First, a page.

A new version of a very rare text of the Coldstream Guards at War
The Campaign in the Low Countries is rarely covered in books concerning the experiences of the British Army. It was fought against the armies of Revolutionary France at a time when Napoleon was still a junior officer. It has been overshadowed by the war in Spain and the Waterloo Campaign—probably because it was a military disaster for the allied armies—and popular history is inclined to dwell on the victories of Wellington that followed. Many a soldier would look back upon this campaign as 'the one that taught us what NOT to do'. Nevertheless, it remains a fascinating episode in British military history and this book—written by a very active participant—brings it vibrantly to life. Robert Brown was a highly literate other rank in the Coldstream Guards. He recorded his experiences in riveting detail and left us with a view of warfare in the late eighteenth century which is both entertaining and essential as a prelude to the experiences of soldiers in the Napoleonic Wars which would shortly follow. Brown's text, originally presented in the archaic style of 1795, has been substantially reworked by Frederick Llewellyn making it easily accessible for the contemporary reader for the first time. A short summary of the campaign is also included to give Brown's narrative context.
25th July—This afternoon a number of men was ordered for the purpose of storming the out-works of the town this evening. The British infantry furnished 300 men, viz. 150 from the brigade of guards, and 150 from the brigade of the line, under the command of Major-General Abercrombie. We were ordered to be in readiness at the centre communication, at Marley, in the evening. It was pre-concerted to spring three mines, and immediately after the springing of the last, the troops were to begin the attack.<br>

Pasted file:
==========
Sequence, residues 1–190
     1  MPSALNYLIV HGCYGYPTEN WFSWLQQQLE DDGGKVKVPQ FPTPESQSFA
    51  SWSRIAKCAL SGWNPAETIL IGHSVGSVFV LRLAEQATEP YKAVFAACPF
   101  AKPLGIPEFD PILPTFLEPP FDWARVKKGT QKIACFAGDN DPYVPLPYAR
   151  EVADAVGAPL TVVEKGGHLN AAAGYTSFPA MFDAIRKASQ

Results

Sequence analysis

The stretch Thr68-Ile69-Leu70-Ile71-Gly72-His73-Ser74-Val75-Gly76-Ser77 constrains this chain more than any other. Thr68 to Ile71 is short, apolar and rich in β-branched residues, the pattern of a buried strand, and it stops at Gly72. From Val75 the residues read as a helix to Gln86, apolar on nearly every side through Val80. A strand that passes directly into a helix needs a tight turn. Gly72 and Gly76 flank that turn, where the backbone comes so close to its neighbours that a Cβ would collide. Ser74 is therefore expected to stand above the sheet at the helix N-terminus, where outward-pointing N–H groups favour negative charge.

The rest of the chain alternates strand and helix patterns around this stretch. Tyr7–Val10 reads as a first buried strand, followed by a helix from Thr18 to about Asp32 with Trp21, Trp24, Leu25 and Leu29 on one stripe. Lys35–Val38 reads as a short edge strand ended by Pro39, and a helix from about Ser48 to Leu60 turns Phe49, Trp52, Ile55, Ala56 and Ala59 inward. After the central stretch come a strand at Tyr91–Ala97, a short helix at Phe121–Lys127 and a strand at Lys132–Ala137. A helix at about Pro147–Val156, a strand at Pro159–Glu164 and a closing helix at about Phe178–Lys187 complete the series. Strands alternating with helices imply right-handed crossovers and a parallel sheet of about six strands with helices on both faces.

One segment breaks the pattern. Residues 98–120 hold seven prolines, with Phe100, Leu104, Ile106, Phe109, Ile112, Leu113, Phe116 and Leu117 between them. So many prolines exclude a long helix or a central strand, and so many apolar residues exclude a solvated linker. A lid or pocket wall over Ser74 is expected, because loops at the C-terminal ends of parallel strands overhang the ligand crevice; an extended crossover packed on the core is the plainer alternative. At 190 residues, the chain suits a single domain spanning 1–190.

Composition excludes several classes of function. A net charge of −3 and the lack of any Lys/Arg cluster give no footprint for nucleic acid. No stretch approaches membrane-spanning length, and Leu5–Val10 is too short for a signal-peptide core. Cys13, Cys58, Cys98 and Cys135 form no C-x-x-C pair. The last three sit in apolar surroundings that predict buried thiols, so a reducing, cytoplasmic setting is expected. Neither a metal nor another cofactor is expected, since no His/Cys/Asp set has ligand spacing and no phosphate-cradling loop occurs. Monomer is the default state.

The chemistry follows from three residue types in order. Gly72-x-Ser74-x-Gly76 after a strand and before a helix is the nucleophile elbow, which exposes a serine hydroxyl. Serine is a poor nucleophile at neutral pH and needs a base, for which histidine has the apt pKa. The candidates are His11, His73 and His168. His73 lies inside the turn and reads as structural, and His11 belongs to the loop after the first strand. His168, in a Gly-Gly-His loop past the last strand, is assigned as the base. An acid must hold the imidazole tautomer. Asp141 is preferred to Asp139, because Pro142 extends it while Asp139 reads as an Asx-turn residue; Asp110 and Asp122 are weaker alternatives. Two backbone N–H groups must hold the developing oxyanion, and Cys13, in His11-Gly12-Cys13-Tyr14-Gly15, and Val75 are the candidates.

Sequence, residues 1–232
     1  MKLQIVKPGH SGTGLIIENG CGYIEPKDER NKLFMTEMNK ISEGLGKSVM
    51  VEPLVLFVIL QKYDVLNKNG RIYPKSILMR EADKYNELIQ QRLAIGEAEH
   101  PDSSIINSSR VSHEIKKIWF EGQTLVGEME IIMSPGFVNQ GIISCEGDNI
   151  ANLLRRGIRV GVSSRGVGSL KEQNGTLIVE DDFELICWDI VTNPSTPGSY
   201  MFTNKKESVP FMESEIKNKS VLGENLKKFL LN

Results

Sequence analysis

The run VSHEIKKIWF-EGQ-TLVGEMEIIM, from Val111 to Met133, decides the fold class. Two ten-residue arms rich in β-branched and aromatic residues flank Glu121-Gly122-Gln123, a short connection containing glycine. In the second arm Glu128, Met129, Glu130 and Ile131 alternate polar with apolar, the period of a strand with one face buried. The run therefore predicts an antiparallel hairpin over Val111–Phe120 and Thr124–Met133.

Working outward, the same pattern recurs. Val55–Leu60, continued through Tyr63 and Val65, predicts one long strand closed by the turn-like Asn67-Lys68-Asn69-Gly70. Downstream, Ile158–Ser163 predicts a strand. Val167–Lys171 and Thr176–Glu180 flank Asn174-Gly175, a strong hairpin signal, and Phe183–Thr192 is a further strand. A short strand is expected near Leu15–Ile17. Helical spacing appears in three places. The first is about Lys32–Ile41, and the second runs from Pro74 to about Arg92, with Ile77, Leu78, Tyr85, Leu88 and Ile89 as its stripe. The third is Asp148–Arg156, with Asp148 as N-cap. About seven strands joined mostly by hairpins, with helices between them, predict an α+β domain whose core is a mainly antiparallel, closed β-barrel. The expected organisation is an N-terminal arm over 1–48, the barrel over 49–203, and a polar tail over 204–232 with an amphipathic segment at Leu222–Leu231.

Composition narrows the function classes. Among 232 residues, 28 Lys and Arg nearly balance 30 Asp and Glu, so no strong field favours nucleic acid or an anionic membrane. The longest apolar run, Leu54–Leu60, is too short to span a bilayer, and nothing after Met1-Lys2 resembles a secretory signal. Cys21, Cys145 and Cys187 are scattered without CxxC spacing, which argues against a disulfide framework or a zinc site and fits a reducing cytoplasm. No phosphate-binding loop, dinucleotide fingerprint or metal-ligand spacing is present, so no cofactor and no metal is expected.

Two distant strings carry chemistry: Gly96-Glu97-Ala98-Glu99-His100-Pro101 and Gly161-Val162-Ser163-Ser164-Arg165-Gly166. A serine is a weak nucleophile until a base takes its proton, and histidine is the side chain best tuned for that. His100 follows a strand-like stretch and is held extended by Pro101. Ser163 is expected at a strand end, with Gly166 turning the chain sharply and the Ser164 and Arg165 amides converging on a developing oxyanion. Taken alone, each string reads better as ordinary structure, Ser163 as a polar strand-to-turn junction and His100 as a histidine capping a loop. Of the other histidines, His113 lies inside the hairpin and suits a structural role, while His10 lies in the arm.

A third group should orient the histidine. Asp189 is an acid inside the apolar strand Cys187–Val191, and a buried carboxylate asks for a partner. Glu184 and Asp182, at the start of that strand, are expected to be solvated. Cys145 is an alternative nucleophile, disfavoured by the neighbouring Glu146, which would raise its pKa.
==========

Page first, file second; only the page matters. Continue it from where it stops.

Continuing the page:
Accordingly in the evening the first mine was sprung, then the second, and third, with the space of eight minutes between each. Immediately on the springing of the third, the troops being ready, rushed in with the utmost impetuosity, jumping over the palisadoes, and through the breaches the mines had made, like the rushing of a flood, and carried all before them at the point of the bayonet. The enemy made a stout resistance, but were forced to leave us in possession of their works.<br>
There was a great number killed on both sides, but the brigade of guards suffered but little; yet we have to regret the loss of Capt. Tollemache, killed, and Captain Warde of the same regiment wounded. An officer of the 14th regiment was killed.
The 1st regiment had one rank and file killed, one sergeant, and three rank and file wounded. Coldstream, two rank and file wounded. Third regiment, one sergeant, and one rank and file wounded.<br>
His Royal Highness expressed the greatest satisfaction with the conduct of the officers and men employed on this expedition.<br>
26th July—This day the enemy fired very little; we suppose last night’s work has somewhat humbled their pride. We had a grenadier of the 1st regiment killed this day, and three of the 3rd wounded, one of which died next day. The 1st regiment had one wounded.<br>
Very late this night a flag of truce was sent in to the governor, with a summons to surrender, or otherwise threatening to storm the town. The firing immediately ceased on both sides.<br><br>
27th July—Not a gun had been fired on either side this day; it is said the governor has a certain time allowed to consider of his final answer.<br>
Nine deserters came over to us this day, and an officer, who says the enemy are beginning to disagree among themselves, so that of course they must soon surrender. One of the deserters who speaks a little English, says, that on our storming their out-works, they were thrown into the greatest confusion imaginable. No firing this night. <br><br>
28th July—This morning about’ six o’clock, a flag of truce was sent from head quarters to require General Ferrand’s final answer; but before they reached the town, they met a general of the French, accompanied by three officers, a sergeant, and a trumpeter, who were sent from the town to settle the terms of the capitulation.<br>
Accordingly the terms were agreed upon, and this evening a detachment from the British infantry, consisting of 400 men, under the command of Colonel Sir James Duff, took possession of the outer gate of Valenciennes, leading to Cambray.
All quiet this night.<br>